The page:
Well, I hate to give away trade secrets, but the following email, has just the right pitch, cadence, and honesty.

A Sugary KO Question

YOUR ARTICLES ARE FABULOUS! -- Heather O'Loughlin P.S. How about an update on Coca-Cola (KO) - Get Report and PepsiCo (PEP) - Get Report?

See what I mean? Clear, concise, and admiring, yet, not a hint of insincerity!

SNDK Long-Term Not Rosy

I am still a neophyte when it comes to reading charts and would appreciate your seasoned input. Based on my read of SanDisk (SNDK) , it has solid support around $65 on a three-month chart and is still in a good uptrend on a one-year chart. It looks like a good time to add to my position with a stop loss set at $64. What do you think? -- Steve Reader

MCDE Looks Bullish

I was just interested in getting your take on the technical performance of a few biotechnology companies. What do you think about Microcide Pharmaceuticals (MCDE) and Ligand Pharmaceuticals (LGND) - Get Report? I've noticed that they've experienced some surprising gains during the last quarter. -- Leo Lara

Time-Period Talk

Time period seems to greatly affect the way you read a chart. Do you analyze over one month, three months or one year? The time period of analysis seems to greatly affect results. Any thoughts on offering a short course on chart reading? I would sign up in a minute and even pay for it! -- Steve Ehrens

Thanks, Steve. Your first question is one that comes up frequently, and hopefully, I always answer it the same way: The time frame you look at a chart in should be totally dependent on your trading time frame. That is, if your trades normally span a week to 10 days, then a daily chart, with a six-month look back is appropriate. If you're a daytrader, then a five-minute chart, with a two- or three-day look back is probably fine.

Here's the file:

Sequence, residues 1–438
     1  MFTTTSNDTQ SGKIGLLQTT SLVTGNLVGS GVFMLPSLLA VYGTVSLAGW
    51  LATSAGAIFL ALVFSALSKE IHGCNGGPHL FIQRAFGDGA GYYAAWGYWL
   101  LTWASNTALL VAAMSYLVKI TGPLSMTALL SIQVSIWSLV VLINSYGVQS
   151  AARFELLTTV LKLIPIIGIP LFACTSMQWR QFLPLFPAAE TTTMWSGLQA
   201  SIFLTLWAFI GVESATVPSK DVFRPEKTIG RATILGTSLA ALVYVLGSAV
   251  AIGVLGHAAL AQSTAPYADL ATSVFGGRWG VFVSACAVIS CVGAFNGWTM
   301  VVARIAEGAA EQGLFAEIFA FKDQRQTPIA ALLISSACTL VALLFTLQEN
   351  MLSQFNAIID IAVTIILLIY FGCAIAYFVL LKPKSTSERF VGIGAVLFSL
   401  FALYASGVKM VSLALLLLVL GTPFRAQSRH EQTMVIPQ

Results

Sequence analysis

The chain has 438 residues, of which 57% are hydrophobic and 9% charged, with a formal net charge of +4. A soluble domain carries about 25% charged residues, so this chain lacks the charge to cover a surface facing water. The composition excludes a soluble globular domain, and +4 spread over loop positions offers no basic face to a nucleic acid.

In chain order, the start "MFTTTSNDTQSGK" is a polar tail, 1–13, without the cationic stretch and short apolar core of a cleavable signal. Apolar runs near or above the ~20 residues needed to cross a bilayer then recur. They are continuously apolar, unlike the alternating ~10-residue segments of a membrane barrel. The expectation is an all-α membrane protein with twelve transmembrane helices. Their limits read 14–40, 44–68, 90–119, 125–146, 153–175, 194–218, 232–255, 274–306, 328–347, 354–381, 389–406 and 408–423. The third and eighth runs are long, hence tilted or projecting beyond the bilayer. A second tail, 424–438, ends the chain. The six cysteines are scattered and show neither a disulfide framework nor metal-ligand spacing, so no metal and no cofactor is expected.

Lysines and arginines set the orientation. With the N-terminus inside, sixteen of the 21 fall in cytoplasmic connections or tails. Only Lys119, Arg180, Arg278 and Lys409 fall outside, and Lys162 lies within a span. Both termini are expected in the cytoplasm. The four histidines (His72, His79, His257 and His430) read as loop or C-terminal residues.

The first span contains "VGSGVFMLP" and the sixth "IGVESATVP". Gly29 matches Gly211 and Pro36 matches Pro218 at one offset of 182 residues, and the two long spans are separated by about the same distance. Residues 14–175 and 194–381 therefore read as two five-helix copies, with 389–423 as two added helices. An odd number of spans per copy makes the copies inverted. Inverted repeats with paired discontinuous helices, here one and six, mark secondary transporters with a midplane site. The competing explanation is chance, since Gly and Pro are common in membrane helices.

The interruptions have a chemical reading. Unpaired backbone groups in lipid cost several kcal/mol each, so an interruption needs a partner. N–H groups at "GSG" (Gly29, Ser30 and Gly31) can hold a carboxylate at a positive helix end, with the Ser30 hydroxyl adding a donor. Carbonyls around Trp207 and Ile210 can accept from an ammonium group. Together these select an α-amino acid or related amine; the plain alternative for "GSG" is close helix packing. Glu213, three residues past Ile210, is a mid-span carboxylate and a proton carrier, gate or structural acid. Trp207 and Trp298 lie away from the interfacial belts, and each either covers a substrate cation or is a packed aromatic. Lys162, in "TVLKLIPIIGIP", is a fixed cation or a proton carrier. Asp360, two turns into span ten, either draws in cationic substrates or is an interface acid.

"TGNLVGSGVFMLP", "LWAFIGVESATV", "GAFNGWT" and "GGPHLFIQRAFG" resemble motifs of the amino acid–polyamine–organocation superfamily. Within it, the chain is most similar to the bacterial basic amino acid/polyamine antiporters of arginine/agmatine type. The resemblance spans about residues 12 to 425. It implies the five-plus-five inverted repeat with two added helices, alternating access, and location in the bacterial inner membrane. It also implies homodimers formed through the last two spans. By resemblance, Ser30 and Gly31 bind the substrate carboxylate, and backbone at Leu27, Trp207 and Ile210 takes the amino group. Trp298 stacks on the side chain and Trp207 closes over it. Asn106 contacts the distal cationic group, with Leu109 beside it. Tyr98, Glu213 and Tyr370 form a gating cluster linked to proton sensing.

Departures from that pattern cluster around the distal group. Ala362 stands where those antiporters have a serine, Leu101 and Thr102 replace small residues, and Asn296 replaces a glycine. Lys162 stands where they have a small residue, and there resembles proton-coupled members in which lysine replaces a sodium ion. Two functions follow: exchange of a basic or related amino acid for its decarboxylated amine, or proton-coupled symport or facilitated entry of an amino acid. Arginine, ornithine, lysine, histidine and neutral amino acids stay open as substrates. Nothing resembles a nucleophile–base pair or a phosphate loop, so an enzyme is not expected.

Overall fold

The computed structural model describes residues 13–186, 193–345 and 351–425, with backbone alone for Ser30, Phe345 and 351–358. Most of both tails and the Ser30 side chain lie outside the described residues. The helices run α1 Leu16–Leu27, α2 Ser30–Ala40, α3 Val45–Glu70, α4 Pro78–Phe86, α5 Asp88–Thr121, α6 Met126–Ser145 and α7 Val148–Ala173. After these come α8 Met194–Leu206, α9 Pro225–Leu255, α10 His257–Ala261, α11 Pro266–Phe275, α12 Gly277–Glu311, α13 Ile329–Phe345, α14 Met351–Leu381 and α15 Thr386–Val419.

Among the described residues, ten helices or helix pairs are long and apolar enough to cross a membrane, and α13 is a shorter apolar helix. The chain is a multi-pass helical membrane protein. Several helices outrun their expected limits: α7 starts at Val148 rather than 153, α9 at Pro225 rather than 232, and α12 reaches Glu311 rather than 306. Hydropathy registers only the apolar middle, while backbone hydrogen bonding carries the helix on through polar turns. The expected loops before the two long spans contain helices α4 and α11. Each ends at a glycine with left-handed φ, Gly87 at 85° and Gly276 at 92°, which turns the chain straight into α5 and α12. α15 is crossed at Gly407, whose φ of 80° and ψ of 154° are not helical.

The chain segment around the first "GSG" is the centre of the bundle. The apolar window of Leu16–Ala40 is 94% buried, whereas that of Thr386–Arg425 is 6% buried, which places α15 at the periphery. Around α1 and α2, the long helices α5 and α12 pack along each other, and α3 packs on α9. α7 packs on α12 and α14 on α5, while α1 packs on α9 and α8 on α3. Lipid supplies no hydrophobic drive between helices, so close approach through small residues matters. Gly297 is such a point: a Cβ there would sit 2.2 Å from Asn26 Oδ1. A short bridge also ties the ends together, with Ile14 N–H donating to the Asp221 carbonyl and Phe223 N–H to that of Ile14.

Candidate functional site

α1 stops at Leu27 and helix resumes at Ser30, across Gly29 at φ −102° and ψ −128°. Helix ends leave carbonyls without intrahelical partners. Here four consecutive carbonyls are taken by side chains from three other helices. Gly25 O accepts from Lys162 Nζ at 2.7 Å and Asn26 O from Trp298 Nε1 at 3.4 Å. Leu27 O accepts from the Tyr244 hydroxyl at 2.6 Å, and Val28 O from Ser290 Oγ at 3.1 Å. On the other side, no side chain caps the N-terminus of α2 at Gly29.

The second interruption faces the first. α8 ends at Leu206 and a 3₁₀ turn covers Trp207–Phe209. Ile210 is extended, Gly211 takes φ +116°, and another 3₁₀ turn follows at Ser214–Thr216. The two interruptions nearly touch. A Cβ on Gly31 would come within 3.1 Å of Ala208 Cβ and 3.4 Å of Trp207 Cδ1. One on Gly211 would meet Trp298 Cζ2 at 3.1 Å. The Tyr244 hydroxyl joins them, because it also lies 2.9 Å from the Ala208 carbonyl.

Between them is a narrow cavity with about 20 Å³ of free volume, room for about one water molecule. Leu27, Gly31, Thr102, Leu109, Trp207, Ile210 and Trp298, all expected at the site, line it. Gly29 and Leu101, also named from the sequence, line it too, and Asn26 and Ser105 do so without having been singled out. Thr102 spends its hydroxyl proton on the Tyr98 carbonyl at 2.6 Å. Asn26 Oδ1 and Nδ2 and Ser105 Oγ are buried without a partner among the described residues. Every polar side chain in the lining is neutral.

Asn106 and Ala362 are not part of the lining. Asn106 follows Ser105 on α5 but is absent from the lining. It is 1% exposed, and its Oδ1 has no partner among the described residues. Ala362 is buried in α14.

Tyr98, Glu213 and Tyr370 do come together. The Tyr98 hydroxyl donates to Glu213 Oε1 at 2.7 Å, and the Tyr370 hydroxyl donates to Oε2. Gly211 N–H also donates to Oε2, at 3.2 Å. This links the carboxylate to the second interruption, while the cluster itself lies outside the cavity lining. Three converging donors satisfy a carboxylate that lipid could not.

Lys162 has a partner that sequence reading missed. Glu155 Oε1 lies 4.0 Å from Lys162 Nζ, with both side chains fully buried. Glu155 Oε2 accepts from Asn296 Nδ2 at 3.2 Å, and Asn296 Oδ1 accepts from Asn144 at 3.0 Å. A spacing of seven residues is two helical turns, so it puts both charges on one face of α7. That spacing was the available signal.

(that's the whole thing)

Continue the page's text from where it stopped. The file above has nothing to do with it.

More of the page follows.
In addition, it's always nice to look at the next level up. For me, that means a weekly chart. For daytraders, a daily chart.

As for a short course on chart reading, I'm not sure there is such a thing! I'd definitely start with some of the books in my Dec. 2, 1998

column, particularly the Jiler and Edwards/Magee books. However, the best course on chart reading? Just look at hundreds of charts a day, form your own conclusions and see how they work out. If you bat anything above 50%, you're doing just fine.

Turnaround on a TRBO Call

You had a very bullish read on TurboChef Technologies (TRBO) a couple of months back. So much so I bought some, only to watch it go from 10 to 6. What happened and what's your current read? -- Kenan Block

Bears Storm Copper Mountain

I traded Copper Mountain Networks (CMTN) the other day and got out at 92. You didn't like it the last time I wrote. What about now? -- Caren Goodman

The View on VISX

Would you consider yourself more of a technical analyst (who uses Gann analysis, Elliott waves, Fibonnaci retracements, oscillators) or more of a tape (and thus chart) reader? I was wondering about your take on VISX (VISX) , a leader in electronic laser components. I have been waiting to go long on it, and now seems a good time. -- Mohan Singh


I'm most definitely a chart reader. In fact, I am often asked whether I use stochastics, oscillators, Gann, and a variety of other techniques. As you can tell, I primarily stick to price and volume. Many other techniques are just derivatives of those two, while the vast majority of indicators I've found to be inconsistent over the long run.

As for VISX, let's take a look.

Gary B. Smith is a freelance writer who trades for his own account from his Maryland home using technical analysis. At time of publication, he held no positions in any securities mentioned in this column, although holdings can change at any time. Under no circumstances does the information in this column represent a recommendation to buy or sell stocks. Smith writes five technical analysis columns for each week, including Technician's Take, Charted Territory and TSC Technical Forum. While he cannot provide investment advice or recommendations, he welcomes your feedback at